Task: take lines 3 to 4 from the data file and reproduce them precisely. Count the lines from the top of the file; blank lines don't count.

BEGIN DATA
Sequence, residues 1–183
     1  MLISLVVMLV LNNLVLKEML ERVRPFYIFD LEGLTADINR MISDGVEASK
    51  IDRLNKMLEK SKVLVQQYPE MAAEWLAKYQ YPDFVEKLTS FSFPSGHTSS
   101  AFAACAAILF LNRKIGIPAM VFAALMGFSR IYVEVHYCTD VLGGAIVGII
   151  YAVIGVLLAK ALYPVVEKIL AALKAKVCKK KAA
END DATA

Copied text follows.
    51  IDRLNKMLEK SKVLVQQYPE MAAEWLAKYQ YPDFVEKLTS FSFPSGHTSS
   101  AFAACAAILF LNRKIGIPAM VFAALMGFSR IYVEVHYCTD VLGGAIVGII